Removing Old Finishes And Preparing For New Ones

WHEN we reach the point of removing old finishes from our early furniture, we must first consider whether or not we really do want to remove them. We shall, of course, find some pieces which have had one, or many, coats of varnish—now possibly cracked and stained. But, in such cases, cleaning and smoothing are easy. Sometimes we may find furniture of light-colored wood, such as maple or pine, which has been deeply stained in imitation of mahogany. Such examples are extremely hard to restore to anything like their proper color: probably only after thorough scraping can the desired result be accomplished. Perhaps we shall find a certain number of pieces which are original and intact in every way, and still have their original coats of finish.

Refinishing Not Always Desirable In mahogany, walnut, or maple, we may occasionally find a piece intact and with its original varnish well preserved, and with a smooth surface mellowed by time to a delightful patina. It is considered to be in the best taste to retain such a piece "as is," except for a good rubbing with brown wax (as later described) or with furniture polish.

In painted furniture, we must distinguish between an original finish—which is likely to be merely a single coat of red, dark green, gray, or black paint—and superimposed finishes, which may consist of from two to fifteen coats of old paint and varnish put on at irregular periods during the career of the piece.

If we can find a piece carrying its first single coat of paint

and wish to keep it as found, we need only to wash it gently with soap and water, and, when dry, rub it well with brown wax or furniture polish. Washing will remove the old grime; the wax or polish will sufficiently restore the color, and will give a dull gloss.

painted mahogany

We may find pieces of furniture, either solid or veneered, overlaid with successive coats of many sorts of varnish, paint, and varnish stains. It is rather a mystery why anyone should ever have wished to apply paint to the surface of fine old mahogany, cherry, or walnut furniture. But, whatever the reason, such treatment was quite common. Only recently I saw a handsome inlaid mahogany sideboard whose beauty had been thoroughly concealed by a heavy coat of brown paint.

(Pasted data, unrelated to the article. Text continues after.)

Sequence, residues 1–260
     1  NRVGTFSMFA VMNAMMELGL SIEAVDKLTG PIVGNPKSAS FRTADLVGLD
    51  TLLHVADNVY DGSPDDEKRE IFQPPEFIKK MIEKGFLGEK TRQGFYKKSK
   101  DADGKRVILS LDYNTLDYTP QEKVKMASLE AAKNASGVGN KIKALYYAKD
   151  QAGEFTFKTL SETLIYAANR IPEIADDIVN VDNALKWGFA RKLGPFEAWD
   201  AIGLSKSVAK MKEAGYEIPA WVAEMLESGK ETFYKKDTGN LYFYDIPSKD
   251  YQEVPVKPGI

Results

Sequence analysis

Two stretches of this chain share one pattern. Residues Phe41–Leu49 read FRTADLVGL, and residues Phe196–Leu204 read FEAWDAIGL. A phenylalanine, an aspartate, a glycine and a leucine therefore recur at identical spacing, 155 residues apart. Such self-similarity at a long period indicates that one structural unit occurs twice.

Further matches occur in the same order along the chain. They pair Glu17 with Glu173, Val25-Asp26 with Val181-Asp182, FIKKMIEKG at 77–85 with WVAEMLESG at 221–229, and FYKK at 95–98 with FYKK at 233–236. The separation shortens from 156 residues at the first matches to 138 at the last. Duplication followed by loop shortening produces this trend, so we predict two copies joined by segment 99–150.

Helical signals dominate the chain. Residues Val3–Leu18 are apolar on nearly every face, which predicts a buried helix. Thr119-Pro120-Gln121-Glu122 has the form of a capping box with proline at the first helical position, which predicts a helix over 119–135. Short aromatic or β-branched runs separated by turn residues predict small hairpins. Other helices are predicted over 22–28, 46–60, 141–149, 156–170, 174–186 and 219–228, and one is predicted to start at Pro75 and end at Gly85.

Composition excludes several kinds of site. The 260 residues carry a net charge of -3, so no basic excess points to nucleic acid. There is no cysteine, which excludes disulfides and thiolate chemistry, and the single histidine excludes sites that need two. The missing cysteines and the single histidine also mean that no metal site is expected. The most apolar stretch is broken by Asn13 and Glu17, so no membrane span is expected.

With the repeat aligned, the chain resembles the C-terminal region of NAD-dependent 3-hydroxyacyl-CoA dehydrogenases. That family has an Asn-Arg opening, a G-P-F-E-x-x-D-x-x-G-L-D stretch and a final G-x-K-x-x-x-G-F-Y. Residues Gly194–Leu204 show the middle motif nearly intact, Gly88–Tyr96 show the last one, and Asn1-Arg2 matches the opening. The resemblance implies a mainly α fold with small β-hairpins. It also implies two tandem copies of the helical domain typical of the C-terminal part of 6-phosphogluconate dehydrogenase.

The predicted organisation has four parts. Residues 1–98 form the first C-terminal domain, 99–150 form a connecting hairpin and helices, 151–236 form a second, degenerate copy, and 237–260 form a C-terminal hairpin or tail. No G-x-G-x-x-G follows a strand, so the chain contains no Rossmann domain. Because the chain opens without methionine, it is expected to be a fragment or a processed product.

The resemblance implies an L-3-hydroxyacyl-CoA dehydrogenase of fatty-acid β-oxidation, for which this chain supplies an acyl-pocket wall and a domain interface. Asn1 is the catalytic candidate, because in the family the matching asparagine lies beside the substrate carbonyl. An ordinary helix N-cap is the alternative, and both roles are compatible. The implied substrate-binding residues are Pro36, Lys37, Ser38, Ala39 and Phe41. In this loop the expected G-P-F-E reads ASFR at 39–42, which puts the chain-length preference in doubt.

Any mahogany, cherry, or walnut piece which has been painted white (a not uncommon treatment) is very difficult to clean, as the white paint enters into every pore and crack, and, even after cleaning, is likely to show in violent contrast with the darker original wood. As one refinisher, almost without exaggeration, remarked, "The only thing to do is to pick out the white with a pin." A piece made of dark wood which has been painted brown, or red, is not nearly so difficult to bring into a proper state of cleanness.

avoid the scraper

Let me next observe that a knife, a scraper, or pieces of broken glass should play as little part as possible in cleaning old furniture, glass is dangerous to the user and bad for any furniture. We often hear the expression "scraping down," in connection with old furniture, which usually means the avoidance of varnish remover, or other solvents, and the use of scrapers or knives for removing overlays of paints and varnish. Such harsh treatment takes off not only the old finish, but also the outer surface of the wood, which

MARKS OF THr IL'RM K ClilSLL ON A WIN1%()R CIKIR-LLG These ¡.lion 1J be preserved to shovt, authennciry above everything we want to save. Particularly harmful is the scraping down of any turning, such as that of a Windsor chair leg. Since much pressure must be used in this process, the scraper moves irregularly over the surface of the turning and leaves, inevitably, a rough, scarred and jagged member.